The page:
#MineralMonday -Corundum

Oh, such a hard conundrum...I mean corundum. Corundum, a mineral, is the next hardest after diamond. Diamond is 10 on the Mohs hardness scale, while corundum is 9. It is used for grinding optical glass, polishing metals and some sandpapers and grinding wheels.

Our appreciation for this mineral pertains more to the beautiful gemstones that come from corundum, which is actually aluminum oxide and in its purest form, is colorless.

When it contains iron, it turns into a green or blue-green sapphire. 

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When the corundum contains chromium, the sapphire is pink.

The more chromium, the darker the pink, and when there is enough chromium to turn a sapphire red, it is then known as a ruby.

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Sapphires can be many other colors as well, such as yellow, other shades of green, pink, purple, orange and yellow.

Both rubies and sapphires can also be grown synthetically, in a lab. They have the exact same mineralization as those that are mined but they are without the flaws, clouds or inclusions often found in the natural gems. In other words, they are affordable and make perfect gems!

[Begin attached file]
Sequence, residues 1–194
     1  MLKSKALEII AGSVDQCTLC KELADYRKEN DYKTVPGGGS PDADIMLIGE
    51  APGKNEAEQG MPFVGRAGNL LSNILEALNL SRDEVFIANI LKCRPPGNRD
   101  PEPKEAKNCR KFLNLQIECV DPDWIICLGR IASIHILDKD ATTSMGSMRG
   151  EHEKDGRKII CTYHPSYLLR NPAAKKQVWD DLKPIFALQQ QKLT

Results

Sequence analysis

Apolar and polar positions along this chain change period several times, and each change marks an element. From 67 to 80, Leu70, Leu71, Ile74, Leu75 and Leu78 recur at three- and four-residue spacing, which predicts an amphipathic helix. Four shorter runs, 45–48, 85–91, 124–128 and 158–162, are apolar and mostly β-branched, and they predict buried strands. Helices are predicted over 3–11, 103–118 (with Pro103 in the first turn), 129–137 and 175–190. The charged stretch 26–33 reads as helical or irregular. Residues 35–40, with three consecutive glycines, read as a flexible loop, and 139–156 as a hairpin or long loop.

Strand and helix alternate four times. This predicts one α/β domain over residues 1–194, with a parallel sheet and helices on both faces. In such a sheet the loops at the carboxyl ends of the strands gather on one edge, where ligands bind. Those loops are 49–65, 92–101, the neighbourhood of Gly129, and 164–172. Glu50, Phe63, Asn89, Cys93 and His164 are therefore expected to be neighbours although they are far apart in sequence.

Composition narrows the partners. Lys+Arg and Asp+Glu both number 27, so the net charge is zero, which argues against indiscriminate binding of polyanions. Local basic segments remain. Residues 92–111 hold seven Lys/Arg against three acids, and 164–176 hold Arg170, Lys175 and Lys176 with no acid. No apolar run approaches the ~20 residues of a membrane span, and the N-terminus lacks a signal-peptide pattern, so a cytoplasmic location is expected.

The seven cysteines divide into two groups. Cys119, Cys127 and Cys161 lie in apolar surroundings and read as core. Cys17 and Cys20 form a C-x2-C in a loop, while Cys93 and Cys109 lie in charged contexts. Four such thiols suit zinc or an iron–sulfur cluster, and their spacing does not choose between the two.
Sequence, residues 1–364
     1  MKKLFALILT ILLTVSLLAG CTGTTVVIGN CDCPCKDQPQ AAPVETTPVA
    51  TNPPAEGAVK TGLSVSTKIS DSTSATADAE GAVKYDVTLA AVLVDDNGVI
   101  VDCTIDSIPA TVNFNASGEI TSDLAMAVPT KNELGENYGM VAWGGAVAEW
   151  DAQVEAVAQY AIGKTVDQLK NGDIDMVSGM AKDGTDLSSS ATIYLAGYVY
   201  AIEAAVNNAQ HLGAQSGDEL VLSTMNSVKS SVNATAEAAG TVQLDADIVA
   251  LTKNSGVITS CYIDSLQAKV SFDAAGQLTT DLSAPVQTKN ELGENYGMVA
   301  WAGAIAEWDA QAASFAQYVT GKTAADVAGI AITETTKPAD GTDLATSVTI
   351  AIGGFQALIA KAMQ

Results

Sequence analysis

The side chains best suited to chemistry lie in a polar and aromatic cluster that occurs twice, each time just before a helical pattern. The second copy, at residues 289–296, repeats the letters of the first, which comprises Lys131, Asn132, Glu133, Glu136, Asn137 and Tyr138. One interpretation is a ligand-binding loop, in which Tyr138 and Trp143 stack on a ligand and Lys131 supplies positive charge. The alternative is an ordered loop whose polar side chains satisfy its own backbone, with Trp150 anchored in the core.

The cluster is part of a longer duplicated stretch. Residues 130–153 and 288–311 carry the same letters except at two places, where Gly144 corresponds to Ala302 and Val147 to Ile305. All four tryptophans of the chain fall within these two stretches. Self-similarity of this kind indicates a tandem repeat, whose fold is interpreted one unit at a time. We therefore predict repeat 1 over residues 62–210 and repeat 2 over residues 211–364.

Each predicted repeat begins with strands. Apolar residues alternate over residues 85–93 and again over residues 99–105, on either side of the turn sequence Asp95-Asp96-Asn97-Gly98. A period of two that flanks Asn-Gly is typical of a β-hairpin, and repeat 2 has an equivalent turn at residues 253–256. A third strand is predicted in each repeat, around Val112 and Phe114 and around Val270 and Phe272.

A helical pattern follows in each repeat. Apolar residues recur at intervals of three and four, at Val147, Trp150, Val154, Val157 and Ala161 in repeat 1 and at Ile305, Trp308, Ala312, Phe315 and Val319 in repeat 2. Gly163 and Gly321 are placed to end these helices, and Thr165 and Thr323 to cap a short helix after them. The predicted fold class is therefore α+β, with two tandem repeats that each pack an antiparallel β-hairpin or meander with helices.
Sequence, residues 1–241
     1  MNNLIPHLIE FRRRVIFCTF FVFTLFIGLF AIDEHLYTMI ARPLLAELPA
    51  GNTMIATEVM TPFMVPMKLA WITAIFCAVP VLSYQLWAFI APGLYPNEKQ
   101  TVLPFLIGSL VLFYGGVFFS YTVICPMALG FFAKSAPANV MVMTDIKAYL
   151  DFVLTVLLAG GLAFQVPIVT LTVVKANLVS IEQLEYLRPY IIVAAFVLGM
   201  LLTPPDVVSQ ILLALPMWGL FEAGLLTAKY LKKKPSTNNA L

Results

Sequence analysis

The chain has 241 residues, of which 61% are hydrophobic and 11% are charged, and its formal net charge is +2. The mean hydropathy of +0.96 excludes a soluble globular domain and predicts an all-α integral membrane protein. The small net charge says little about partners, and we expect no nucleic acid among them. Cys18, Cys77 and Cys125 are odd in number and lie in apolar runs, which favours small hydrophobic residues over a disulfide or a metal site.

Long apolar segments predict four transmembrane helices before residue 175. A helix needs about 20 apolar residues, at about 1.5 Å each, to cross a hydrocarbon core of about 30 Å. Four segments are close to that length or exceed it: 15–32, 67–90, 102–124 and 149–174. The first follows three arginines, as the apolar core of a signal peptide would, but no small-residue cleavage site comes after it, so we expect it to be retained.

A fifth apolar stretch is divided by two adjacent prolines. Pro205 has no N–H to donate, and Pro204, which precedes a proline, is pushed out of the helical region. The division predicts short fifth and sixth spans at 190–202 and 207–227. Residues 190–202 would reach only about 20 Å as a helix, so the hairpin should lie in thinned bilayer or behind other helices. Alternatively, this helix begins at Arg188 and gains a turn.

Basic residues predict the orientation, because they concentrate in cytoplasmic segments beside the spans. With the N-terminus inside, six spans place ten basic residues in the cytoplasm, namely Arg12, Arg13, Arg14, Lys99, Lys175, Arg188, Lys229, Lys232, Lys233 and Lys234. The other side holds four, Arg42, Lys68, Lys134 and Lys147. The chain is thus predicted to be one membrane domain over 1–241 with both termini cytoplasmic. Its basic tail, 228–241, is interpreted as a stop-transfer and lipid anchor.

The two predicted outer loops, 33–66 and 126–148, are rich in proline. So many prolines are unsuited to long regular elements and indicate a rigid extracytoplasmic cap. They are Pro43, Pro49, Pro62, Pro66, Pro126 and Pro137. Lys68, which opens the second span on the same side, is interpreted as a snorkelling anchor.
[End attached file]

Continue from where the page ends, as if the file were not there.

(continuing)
Check out our green sapphire pendant or the ruby ring in our shop. And stay tuned for more sapphire jewelry in the future.

#MineralMonday - Quartz

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You probably recognize most of the gemstones in the rings in this photo. In fact, most are quite popular and well known. The orange gems of various shades are citrine, also known as a November birthstone. The light and dark purple gemstones are amethyst, also known as February’s birthstone. The brown or grayish-brown stone is smoky quartz. And, lastly, the green gemstone is known as vermarine or prasiolite.

All of these gems have one thing in common. If you’ve already guessed it, then you know much more than I did when I first started making jewelry. All of these gemstones are quartz. My knowledge of quartz used to be limited to smoky quartz, clear quartz or rose quartz. Never had I considered amethyst, citrine or vermarine as being of the same mineralization, which is silicon dioxide.

Most of the citrine on the market is actually heat treated amethyst and so is the prasiolite (vermarine). Amethyst is found in many locations around the world, such as Brazil, East Africa, Arizona, California, Colorado and Canada. Brazil also produces some of the best citrine, although it is heat treated amethyst. Natural citrine can be found in Madagascar and Mexico, while prasiolite (vermarine) comes from a single amethyst mine in Brazil and, as mentioned, is heat treated. Smoky quartz and rose quartz are found in many locations.

This knowledge has certainly changed how I view these gemstones but it hasn’t changed my appreciation for their beauty.

Check out some of our gemstone jewelry at: https://www.etsy.com/shop/Rock2Gems